A look back at some of the most influential legal, advocacy and regulatory happenings in the industry covered by ACA International.
2020 was an unprecedented year for advocacy and legal accomplishments in the accounts receivable management (ARM) industry, especially given the changes during the COVID-19 pandemic. Among federal news items, the Consumer Financial Protection Bureau released its final debt collection rule, the U.S. Supreme Court issued a ruling on the bureau’s structure and is expected to issue a ruling on the Telephone Consumer Protection Act in 2021, and we advocated to successfully change several legislative proposals impacting debt collection and the ARM industry.
At the state level, hundreds of executive orders were issued in response to COVID-19, impacting debt collection agencies that needed to pivot to work-from-home operations and faced temporary closures. ACA achieved milestones in state advocacy on that front by ensuring our members’ businesses could remain open and ultimately helping shape what will be permanent laws on working from home in the ARM industry.
At the compliance level, ACA’s members have achieved significant wins in FDCPA cases supported by the Industry Advancement Fund, and our corporate counsel and compliance analysts continue to provide valuable resources preparing members to comply with the CFPB’s final debt collection rule by Nov. 30, 2021.
ACA’s news coverage in ACA Daily and Collector magazine has focused on all these milestones and accomplishments to keep members informed and showcase our state and federal advocacy and compliance efforts to regulators and lawmakers.
Here’s a recap of some of this year’s most significant and recent stories published in ACA Daily representing those topics.
House Vote on Debt Collection Legislation is Cancelled
The legislation would have extended the Fair Debt Collection Practices Act to collectors of debt owed to a federal agency and debt buyers, contrary to language in the CFPB’s final debt collection rule.
ACA International, in conjunction with members, secured an important victory on Capitol Hill Tuesday when the Stop Debt Collection Abuse Act, H.R. 4403, was pulled from the U.S. House of Representative’s scheduled votes in December.
ACA focused its advocacy efforts on ensuring that the problematic legislation should not advance in the U.S. House of Representatives.
The bill would have swept both federal agency debt collectors and debt buyers under FDCPA coverage. It also would have capped fees and interest, added time limits when collecting federal agency debts in a way that conflicted with several laws, and impeded debt collectors’ federal contracts.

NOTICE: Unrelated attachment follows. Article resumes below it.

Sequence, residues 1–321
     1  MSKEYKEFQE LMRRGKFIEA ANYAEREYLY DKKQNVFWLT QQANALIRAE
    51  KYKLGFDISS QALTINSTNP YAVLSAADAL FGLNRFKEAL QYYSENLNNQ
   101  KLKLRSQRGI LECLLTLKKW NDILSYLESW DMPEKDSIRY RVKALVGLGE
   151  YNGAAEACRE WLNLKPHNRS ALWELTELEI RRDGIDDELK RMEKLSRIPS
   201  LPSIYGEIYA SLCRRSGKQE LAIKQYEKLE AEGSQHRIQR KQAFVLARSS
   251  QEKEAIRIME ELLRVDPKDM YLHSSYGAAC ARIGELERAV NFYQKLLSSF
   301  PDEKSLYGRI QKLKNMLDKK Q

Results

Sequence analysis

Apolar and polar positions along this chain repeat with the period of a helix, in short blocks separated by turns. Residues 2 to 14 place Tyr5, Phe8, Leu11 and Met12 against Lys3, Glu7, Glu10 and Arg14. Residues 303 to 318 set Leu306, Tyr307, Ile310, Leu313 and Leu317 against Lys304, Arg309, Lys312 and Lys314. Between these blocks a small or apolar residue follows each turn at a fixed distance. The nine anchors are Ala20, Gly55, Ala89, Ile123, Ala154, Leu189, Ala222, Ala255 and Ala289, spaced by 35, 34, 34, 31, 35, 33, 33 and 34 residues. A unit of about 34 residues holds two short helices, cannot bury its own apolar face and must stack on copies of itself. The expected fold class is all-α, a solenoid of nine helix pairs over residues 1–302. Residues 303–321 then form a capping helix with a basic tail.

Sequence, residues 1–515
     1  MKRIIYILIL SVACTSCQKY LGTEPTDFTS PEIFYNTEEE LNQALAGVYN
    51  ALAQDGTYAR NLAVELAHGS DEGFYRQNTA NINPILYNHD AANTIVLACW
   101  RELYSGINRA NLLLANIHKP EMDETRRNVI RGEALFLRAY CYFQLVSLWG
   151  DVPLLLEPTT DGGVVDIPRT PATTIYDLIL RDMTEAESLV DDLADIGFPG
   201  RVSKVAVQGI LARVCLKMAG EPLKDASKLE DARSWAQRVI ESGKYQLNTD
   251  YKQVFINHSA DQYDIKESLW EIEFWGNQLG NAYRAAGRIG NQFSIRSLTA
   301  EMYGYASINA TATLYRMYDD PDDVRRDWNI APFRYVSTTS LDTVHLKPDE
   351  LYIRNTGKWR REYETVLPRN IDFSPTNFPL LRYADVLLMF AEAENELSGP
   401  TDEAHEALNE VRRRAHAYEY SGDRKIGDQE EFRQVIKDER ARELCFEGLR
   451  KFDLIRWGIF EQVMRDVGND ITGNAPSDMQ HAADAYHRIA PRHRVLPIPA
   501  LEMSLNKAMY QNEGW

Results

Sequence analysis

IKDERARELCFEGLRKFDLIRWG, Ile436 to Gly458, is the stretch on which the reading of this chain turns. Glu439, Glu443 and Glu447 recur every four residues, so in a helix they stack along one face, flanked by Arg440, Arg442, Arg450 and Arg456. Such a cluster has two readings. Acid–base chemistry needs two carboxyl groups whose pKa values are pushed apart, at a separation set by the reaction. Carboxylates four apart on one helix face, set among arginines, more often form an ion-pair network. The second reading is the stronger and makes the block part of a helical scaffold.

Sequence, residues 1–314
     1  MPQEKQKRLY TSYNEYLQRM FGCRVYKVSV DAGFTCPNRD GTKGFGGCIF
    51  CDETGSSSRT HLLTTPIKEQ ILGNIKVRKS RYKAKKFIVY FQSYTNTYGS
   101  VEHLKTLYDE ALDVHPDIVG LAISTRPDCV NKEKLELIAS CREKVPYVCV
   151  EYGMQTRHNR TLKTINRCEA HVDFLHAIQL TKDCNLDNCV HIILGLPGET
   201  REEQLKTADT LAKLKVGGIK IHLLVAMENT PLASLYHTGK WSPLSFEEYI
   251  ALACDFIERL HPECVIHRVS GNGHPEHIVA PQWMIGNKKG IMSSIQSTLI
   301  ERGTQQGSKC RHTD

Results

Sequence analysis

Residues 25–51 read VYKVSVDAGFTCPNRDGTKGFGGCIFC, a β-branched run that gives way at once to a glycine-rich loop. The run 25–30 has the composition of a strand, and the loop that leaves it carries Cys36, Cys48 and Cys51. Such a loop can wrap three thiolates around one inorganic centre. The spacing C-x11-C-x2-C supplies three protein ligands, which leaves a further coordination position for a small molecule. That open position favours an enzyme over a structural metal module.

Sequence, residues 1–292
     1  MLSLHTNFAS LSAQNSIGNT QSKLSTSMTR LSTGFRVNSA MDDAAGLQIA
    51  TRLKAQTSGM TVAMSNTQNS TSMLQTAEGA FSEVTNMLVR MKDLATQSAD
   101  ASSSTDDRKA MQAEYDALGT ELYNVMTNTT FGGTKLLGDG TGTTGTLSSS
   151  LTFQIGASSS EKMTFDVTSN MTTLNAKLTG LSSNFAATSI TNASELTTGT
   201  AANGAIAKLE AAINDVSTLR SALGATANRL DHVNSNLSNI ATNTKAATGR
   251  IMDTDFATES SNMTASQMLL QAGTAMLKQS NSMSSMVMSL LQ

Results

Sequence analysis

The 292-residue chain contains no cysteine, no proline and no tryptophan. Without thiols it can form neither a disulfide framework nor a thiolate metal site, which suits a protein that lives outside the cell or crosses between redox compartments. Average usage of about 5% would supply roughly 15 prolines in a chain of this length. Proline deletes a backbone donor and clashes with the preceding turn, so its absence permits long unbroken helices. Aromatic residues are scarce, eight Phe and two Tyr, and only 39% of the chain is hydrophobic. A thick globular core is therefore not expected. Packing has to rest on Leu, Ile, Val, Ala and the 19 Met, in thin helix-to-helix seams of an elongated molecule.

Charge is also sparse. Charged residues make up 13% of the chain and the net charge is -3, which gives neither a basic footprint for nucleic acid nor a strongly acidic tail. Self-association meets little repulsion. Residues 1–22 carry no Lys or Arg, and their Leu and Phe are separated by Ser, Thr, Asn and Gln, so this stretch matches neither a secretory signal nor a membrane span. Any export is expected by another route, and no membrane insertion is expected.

Perhaps most concerning to ACA, however, is the bill would have conflicted with language already finalized in the CFPB’s rule defining “debt” and “debt collector.”
H.R. 4403, so far, was the only bipartisan House bill impacting the accounts receivable management (ARM) industry slated for a vote before the 116th Congress adjourned.
In 2020, the Democrat-led House Financial Services Committee proposed nearly two-dozen bills that would have impacted ARM industry operations. The House version of the Coronavirus Aid, Relief, and Economic Security Act and the Health and Economic Recovery Omnibus Emergency Solutions Act would have also severely restricted the ability of ACA members to operate and continue to communicate with consumers.
Read more here.
ACA Cast: Revisiting Progress of the TRACED Act
This comprehensive episode of ACA Cast includes a recap of the Federal Communications Commission's requirements to implement the TRACED Act as well as its impact on the accounts receivable management industry in the year ahead with Leah Dempsey, ACA's vice president and senior counsel of federal advocacy, and Mark Brennan, partner at Hogan Lovells in Washington, D.C.
Read more here.
ACA Offers Initial Analysis of CFPB Debt Collection Rule
The CFPB released its long-awaited rule for the ARM industry, signaling the biggest development in the ARM industry since passage of the Fair Debt Collection Practices Act more than 40 years ago.
Not all issues addressed in the original Notice of Proposed Rulemaking have been included in the final rule.
Part one of rule primarily focused on communication issues, and many of the sections concerning the model form validation notice, out-of-statute debt, and other disclosures were addressed in part two of the rule.
In our initial review, it appears that the rule supports several key issues ACA has long sought clarity on, including safe harbor procedures for the use of voicemail messages and the ability to use modern forms of communication, such as text messaging and email (although with some arguably complex compliance burdens).
California to Begin Licensing and Regulation Process Jan. 1